Background and Aims: Functional loss of the gut epithelium’s paracellular tight junction [TJ] barrier and defective autophagy are factors potentiating inflammatory bowel disease [IBD]. Previously, we showed the role of autophagy in enhancing the intestinal TJ barrier via pore-forming claudin-2 degradation. How autophagy regulates the TJ barrier-forming proteins remains unknown. Here, we investigated the role of autophagy in the regulation of occludin, a principal TJ component involved in TJ barrier enhancement. Results: Autophagy induction using pharmacological activators and nutrient starvation increased total occludin levels in intestinal epithelial cells, mouse colonocytes and human colonoids. Autophagy induction enriched membrane occludin levels and reduced paracellular permeability of macromolecules. Autophagy-mediated TJ barrier enhancement was contingent on the presence of occludin as OCLN−/− nullified its TJ barrier-enhancing effect against macromolecular flux. Autophagy inhibited the constitutive degradation of occludin by preventing its caveolar endocytosis from the membrane and protected against inflammation-induced TJ barrier loss. Autophagy enhanced the phosphorylation of ERK-1/2 and inhibition of these kinases in Caco-2 cells and human colonic mucosa prevented the macromolecular barrier-enhancing effects of autophagy. In vivo, autophagy induction by rapamycin enhanced occludin levels in wild-type mouse intestines and protected against lipopolysaccharide- and tumour necrosis factor-α-induced TJ barrier loss. Disruption of autophagy with acute Atg7 knockout in adult mice decreased intestinal occludin levels, increasing baseline colonic TJ permeability and exacerbating the effect of experimental colitis. Conclusion: Our data suggest a novel role of autophagy in promoting the intestinal TJ barrier by increasing occludin levels in an ERK1/2 mitogen-activated protein kinase-dependent mechanism.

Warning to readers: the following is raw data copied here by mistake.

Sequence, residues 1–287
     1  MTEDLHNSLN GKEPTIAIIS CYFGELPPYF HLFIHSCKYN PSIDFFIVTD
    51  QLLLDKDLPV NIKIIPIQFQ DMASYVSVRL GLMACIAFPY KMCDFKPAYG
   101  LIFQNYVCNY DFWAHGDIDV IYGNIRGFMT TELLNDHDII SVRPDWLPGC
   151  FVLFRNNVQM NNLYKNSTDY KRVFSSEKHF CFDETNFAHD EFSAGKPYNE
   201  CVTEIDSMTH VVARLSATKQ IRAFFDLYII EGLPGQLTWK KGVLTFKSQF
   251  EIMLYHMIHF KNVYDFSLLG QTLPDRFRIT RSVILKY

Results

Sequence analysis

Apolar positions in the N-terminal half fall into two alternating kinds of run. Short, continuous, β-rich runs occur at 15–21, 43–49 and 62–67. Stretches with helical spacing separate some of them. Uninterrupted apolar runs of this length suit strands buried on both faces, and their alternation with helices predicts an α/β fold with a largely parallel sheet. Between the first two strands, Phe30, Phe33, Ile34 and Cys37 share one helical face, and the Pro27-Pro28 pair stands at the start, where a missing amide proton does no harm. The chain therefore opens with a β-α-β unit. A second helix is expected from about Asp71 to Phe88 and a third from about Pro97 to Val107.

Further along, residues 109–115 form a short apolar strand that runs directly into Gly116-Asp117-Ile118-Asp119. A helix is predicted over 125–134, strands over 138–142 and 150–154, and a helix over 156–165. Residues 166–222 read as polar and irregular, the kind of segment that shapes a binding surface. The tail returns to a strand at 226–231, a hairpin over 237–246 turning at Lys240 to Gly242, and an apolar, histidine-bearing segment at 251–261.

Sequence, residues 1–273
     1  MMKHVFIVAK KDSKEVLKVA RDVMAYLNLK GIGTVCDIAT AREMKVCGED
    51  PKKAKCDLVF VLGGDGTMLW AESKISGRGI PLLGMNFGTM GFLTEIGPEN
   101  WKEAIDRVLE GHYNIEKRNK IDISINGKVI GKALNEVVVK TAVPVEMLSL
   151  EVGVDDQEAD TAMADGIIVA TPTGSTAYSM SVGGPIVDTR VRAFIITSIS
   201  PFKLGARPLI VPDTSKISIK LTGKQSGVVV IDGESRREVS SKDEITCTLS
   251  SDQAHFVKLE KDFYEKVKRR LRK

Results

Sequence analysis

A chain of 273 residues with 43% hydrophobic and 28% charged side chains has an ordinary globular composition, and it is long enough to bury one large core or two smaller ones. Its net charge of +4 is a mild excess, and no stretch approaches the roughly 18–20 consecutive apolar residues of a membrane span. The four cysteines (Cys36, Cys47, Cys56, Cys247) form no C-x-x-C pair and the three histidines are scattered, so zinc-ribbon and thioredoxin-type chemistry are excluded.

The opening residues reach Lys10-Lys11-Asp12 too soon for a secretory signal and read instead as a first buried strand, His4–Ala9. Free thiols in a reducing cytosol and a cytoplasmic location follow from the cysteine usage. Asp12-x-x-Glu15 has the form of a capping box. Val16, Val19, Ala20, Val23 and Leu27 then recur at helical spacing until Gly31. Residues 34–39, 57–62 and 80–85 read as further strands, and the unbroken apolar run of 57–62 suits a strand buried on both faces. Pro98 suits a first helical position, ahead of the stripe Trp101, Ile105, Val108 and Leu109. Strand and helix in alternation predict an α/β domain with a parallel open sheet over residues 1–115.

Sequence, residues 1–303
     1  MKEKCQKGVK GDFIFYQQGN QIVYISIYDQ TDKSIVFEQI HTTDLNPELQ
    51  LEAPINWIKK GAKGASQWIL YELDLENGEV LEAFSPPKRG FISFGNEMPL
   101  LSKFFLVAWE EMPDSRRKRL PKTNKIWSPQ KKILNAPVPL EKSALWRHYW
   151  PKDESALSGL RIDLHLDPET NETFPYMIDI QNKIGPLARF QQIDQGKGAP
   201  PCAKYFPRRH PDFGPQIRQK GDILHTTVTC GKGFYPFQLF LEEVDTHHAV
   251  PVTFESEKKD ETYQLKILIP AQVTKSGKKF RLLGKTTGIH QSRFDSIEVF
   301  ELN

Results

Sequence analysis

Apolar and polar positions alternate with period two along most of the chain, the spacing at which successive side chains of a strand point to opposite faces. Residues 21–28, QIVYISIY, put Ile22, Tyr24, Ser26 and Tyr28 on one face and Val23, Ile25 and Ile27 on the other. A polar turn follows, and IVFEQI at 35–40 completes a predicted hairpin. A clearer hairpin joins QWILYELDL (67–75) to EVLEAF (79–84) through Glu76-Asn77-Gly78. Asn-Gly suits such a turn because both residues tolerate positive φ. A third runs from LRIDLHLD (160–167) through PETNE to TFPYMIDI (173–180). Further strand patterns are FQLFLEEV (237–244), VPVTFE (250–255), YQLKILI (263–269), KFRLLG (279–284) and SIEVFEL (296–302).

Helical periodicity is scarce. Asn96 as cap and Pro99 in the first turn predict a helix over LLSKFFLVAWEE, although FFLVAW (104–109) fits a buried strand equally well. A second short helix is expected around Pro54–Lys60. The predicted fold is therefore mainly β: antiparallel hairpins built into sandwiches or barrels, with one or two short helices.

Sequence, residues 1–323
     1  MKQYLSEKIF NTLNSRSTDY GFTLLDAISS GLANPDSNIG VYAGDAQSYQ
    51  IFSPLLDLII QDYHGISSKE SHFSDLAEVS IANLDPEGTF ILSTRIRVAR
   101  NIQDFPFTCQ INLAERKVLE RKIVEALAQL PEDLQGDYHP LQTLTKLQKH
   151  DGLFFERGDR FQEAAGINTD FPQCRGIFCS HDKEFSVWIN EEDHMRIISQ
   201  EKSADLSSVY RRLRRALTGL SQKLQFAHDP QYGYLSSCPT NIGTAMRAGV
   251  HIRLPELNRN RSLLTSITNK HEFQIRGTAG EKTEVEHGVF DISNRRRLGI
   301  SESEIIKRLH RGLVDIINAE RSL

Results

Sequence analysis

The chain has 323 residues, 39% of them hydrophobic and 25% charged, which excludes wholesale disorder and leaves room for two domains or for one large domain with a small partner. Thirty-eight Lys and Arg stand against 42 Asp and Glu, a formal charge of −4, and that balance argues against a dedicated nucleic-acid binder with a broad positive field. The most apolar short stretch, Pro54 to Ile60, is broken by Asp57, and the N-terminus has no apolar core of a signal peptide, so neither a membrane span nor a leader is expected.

All Science Journal Classification (ASJC) codes